Whale shark Gavin Meehan

Description

The whale shark also known as Rhincodon typus is a slow moving, filter feeding and the biggest known fish. A whale shark has a wide mouth with around 300 rows of teeth, The shark also has five pairs of gills. A whale sharks head is wide and flat, ad their skin has is grey with varying white spots and stripes. When fully grown whale sharks can grow up to 40 feet long. whale sharks get their food by filtering plankton and small fish fro the water. These huge fish are known as gentle giants making them a very popular tourist attraction around the world.

Location

Whale sharks live in tropical warm temperate seas and primarily stay close to the coast and close to surface in warm water. whale sharks can be found in places like south Africa, western Australia, off the coast of India, in the Philippines, and in Indonesia.

Food Web

If the whale shark were to become extinct and removed from this food web it cold cause the whole thing to collapse. If There were no more whale shark to eat huge amounts of krill, the krill population would grow rapidly creating creating a need for more algae. with the algae population not growing as fast the number will decrease until their are none, and being the base of the food web the whole web would come crashing down.

Threats

Meat, fins, and oil from whale sharks are in high demand on the black market and are of very high value, this posses a great threat to the species drastically cutting down their numbers. Other threats to the species are accidental capture in fishing gear, and tourism plays a threat because if a shark were to get close to a boat the propeller may kill them.

What is Being Done

Experts continue to gather information and study sharks and their habitats. Scientists study these sharks by using satelite tags, sonar devices,and cameras. All the data collected is used to make protections for whale sarks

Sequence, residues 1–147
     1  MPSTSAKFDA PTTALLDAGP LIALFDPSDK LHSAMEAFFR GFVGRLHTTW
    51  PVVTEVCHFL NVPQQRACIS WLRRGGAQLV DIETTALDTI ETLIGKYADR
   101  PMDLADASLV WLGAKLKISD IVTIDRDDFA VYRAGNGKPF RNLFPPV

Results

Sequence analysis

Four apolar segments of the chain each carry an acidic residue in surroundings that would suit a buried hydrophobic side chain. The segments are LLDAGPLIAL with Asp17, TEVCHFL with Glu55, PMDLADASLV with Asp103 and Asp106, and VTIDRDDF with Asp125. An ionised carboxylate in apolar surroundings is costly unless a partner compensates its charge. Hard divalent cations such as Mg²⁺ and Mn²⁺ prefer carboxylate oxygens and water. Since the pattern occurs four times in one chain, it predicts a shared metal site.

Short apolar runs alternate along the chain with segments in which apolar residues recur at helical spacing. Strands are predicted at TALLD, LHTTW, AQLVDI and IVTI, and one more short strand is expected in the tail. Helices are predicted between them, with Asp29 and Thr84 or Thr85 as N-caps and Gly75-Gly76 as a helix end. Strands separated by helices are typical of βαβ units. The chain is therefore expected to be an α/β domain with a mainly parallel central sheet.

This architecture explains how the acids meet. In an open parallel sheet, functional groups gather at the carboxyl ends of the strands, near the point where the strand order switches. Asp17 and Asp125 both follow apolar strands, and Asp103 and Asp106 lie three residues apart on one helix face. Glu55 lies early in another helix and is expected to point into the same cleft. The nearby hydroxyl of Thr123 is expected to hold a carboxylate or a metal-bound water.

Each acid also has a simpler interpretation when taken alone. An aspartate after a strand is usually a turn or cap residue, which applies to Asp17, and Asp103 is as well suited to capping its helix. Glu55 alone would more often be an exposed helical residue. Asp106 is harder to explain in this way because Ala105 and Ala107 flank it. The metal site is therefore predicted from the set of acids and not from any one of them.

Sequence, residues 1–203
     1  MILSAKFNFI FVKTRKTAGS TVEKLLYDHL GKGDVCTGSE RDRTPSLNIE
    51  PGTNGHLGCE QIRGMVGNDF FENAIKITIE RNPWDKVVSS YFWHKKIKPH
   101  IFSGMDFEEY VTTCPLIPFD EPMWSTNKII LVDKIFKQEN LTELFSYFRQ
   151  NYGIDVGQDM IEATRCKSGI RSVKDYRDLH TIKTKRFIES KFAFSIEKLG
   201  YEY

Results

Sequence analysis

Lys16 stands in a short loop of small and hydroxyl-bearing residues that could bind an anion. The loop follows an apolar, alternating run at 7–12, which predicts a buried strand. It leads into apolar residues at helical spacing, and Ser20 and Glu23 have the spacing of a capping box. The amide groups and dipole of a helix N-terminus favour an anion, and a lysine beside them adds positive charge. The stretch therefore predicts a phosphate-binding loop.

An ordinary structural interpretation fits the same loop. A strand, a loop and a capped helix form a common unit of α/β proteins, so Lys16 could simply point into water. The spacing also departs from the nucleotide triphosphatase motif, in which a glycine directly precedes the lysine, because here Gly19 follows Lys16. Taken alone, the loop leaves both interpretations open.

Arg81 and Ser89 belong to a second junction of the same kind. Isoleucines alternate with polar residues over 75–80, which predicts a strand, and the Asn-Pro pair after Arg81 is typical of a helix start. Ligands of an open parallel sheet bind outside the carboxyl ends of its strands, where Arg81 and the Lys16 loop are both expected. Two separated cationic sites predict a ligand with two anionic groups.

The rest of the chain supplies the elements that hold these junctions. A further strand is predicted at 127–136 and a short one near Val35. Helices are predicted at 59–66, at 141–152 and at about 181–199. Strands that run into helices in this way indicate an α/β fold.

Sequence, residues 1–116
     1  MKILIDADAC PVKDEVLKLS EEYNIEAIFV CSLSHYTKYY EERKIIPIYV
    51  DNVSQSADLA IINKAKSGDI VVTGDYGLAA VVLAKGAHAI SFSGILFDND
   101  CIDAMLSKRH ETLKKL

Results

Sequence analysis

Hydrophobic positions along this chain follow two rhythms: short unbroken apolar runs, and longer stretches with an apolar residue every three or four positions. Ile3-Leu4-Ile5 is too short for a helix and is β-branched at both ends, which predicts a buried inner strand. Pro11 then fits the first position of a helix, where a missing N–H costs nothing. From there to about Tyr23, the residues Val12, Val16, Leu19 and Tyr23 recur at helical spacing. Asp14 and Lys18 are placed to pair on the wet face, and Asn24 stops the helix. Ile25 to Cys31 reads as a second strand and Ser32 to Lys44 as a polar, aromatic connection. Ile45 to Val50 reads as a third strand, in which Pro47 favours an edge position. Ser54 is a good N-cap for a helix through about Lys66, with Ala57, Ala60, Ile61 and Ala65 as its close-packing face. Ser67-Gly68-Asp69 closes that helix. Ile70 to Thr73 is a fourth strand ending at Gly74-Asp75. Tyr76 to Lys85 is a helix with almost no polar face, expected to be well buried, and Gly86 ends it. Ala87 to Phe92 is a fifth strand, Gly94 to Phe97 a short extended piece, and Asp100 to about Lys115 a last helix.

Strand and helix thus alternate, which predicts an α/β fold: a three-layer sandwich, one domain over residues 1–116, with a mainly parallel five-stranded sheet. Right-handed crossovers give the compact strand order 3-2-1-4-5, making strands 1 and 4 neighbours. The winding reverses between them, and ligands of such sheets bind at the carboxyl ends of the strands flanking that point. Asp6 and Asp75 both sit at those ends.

Why They Matter

The whale shark is the biggest shark and fish in the world. They swim in oceans around the world all alone except for the occasional feeding spree when there is an abundance of plankton all in one area, which also causes tourists to gather. The killing of whale sharks drasticaly changes the income from tourism, and the population of plankton and in total our oceans.

Works Cited

“The Great Barrier Reef Food Chain.” Findpik, findpik.com/img/8260623.

“Hope Emerges for Whale Sharks, Despite New Endangered Status.” National Geographic, edited by Brain Clark Howard, news.nationalgeographic.com/2016/08/whale-sharks-endangered-species-conservation/.

Nadia, Drake. “Lopped off.” Society for Science and the Public. Science News, www.sciencenews.org/article/lopped.

“Whale Shark.” Wikipedia, en.wikipedia.org/wiki/Whale_shark.

“Whale Shark.” WWF, World Wildlife Fund, www.worldwildlife.org/species/whale-shark.

Credits:

Created with images by skeeze - "whale shark slow filter feeder"

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